Life Saving Rules: Energy Isolation

Michelle MachenOur Stories, Industrial Solutions, Safety, Small Packaging

Life Saving Rules are essential safety principles that when followed, will protect employees from serious injury or death. These rules were developed around hazards specific to Mauser Packaging Solutions and are focused, clear and simple, actionable, and observable.


Workers who service equipment, perform maintenance, or clear jam-ups can be exposed to the release of hazardous energy. Some common energy sources that power our equipment are electric, hydraulic, pneumatic, chemical, and thermal.

The way we control hazardous energy sources in most cases is by performing Lockout Tagout (LOTO) when conducting tasks the would cause exposure to hazardous energy. If LOTO is not performed prior to these tasks, energy can be released while an employee is in the line of fire and can result in a very serious injury or fatality.



The Control of Hazardous Energy Standard or Lockout Tagout (LOTO) Standard was developed by OSHA in response to the dangers from hazardous energy. OSHA estimates that the LOTO standard prevents approximately 50,000 injuries and 120 deaths a year.

Understanding why these standards are in place is crucial to understanding why it is important to  follow the related safety practices and procedure.

Mauser Packaging Solutions is serious about always following LOTO Standards. We demonstrate our commitment to Lockout, Tagout through annual training and audits and by staying apprised of any OSHA updates to this standard.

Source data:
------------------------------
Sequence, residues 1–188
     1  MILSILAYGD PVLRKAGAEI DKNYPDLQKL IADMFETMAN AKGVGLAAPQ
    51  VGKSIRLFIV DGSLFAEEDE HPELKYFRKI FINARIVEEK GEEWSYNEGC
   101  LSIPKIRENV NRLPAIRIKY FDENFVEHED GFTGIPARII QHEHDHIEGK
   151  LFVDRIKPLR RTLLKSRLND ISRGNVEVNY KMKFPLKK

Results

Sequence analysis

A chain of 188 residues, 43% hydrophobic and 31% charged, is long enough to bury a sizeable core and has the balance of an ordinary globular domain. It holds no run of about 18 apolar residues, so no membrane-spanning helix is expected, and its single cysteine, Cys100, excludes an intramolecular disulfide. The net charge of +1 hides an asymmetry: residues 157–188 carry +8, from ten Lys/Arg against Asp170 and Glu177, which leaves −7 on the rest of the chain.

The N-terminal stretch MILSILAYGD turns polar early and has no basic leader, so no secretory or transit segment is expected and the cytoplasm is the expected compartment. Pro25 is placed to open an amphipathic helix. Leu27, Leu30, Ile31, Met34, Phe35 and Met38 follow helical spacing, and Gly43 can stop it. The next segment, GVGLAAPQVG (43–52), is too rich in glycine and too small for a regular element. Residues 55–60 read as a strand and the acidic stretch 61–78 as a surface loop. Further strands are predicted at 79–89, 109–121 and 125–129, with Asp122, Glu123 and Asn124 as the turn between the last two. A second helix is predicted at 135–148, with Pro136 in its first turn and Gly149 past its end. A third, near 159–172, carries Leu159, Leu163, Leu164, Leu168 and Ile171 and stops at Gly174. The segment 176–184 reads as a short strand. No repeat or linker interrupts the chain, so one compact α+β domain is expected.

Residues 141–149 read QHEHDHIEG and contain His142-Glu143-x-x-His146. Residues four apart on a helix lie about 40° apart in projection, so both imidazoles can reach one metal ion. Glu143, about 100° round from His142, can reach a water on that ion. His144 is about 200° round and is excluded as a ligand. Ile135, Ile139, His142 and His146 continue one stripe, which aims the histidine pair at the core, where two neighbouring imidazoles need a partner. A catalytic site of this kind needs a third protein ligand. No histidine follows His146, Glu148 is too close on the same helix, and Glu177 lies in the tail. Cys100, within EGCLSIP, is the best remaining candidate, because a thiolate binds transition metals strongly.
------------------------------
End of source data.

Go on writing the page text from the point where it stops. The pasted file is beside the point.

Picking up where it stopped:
Accidents caused by not following LOTO procedure are not sudden or surprise situations. LOTO should be the first step in starting maintenance or an unjamming process anytime energy is present..

Lockout, Tagout Examples

When a jam-up occurs and only an employee can clear the jam by putting their body in the line of fire, LOTO must be performed to prevent the release of hazardous energy. Examples include:

  • Drums/totes caught on a conveyor - If the conveyor is not locked out, it may begin moving again when the jam is cleared.
  • Drums caught in equipment (blaster, body roller, etc.) - If the machine, is not locked out it may start back up after jam is cleared.

Conveyors should always be locked out when performing maintenance, no matter how easy the fix. Sometimes this means figuring out how to lock out specific sections or locking out entire lines. The few minutes saved by not locking out a conveyor is not worth the potential risk for injury or death.

Our Commitment to Energy Isolation:

I will verify isolation and zero energy before work begins.

  • I will not attempt to repair equipment without proper Energy Control Procedures in place and authorization/training to conduct the repair.
  • When servicing equipment, I will confirm that all hazardous energy has been isolated and dissipated, tagged, and locked out.
  • I will never enter equipment, cross barricades or remove guards unless energy control procedures have been implemented.